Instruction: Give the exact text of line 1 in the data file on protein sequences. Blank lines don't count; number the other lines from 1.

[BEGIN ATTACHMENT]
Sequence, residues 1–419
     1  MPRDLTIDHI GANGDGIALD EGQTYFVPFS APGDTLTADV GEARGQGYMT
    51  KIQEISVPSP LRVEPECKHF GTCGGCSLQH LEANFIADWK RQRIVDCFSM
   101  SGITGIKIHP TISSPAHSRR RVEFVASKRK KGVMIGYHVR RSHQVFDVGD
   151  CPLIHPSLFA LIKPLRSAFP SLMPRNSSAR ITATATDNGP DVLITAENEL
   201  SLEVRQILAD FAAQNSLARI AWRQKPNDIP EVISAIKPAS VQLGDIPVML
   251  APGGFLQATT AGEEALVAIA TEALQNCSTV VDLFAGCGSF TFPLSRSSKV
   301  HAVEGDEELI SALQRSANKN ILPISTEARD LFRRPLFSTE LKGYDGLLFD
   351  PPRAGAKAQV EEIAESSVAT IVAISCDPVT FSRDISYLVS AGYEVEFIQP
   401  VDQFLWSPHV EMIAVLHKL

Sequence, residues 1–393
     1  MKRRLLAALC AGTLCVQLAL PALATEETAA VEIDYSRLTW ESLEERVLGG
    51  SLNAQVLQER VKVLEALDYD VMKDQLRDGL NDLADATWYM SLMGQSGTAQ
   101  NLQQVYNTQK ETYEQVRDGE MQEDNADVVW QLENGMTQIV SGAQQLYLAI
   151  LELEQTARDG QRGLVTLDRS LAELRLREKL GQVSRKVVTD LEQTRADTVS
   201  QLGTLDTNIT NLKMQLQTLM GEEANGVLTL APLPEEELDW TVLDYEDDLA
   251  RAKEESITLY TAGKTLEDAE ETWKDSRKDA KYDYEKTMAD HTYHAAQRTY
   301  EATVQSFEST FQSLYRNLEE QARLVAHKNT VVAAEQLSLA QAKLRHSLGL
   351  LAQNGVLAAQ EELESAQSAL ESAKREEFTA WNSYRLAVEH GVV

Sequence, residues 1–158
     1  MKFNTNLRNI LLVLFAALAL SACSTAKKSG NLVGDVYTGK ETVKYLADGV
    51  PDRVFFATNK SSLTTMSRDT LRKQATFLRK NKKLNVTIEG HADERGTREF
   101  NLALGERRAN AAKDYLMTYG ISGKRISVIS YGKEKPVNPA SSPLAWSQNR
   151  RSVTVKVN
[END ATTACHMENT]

Sequence, residues 1–419